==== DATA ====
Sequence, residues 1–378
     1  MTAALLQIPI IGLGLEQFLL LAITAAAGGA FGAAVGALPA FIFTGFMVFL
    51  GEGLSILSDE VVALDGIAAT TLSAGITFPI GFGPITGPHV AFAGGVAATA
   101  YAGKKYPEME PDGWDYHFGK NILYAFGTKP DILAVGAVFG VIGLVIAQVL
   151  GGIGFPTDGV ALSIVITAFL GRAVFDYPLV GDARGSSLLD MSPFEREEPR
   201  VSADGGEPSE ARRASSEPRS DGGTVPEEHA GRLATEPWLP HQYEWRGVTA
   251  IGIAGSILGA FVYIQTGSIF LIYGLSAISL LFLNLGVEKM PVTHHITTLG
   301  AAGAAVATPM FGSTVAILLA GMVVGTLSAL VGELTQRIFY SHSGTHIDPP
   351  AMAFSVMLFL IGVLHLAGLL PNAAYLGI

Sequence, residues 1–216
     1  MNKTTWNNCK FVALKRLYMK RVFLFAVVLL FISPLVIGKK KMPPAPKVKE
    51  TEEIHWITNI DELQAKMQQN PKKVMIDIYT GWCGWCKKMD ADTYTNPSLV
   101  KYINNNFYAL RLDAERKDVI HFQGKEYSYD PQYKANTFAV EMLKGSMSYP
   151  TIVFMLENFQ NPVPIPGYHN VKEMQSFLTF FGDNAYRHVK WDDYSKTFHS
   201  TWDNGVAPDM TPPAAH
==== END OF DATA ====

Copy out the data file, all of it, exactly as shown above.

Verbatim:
Sequence, residues 1–378
     1  MTAALLQIPI IGLGLEQFLL LAITAAAGGA FGAAVGALPA FIFTGFMVFL
    51  GEGLSILSDE VVALDGIAAT TLSAGITFPI GFGPITGPHV AFAGGVAATA
   101  YAGKKYPEME PDGWDYHFGK NILYAFGTKP DILAVGAVFG VIGLVIAQVL
   151  GGIGFPTDGV ALSIVITAFL GRAVFDYPLV GDARGSSLLD MSPFEREEPR
   201  VSADGGEPSE ARRASSEPRS DGGTVPEEHA GRLATEPWLP HQYEWRGVTA
   251  IGIAGSILGA FVYIQTGSIF LIYGLSAISL LFLNLGVEKM PVTHHITTLG
   301  AAGAAVATPM FGSTVAILLA GMVVGTLSAL VGELTQRIFY SHSGTHIDPP
   351  AMAFSVMLFL IGVLHLAGLL PNAAYLGI

Sequence, residues 1–216
     1  MNKTTWNNCK FVALKRLYMK RVFLFAVVLL FISPLVIGKK KMPPAPKVKE
    51  TEEIHWITNI DELQAKMQQN PKKVMIDIYT GWCGWCKKMD ADTYTNPSLV
   101  KYINNNFYAL RLDAERKDVI HFQGKEYSYD PQYKANTFAV EMLKGSMSYP
   151  TIVFMLENFQ NPVPIPGYHN VKEMQSFLTF FGDNAYRHVK WDDYSKTFHS
   201  TWDNGVAPDM TPPAAH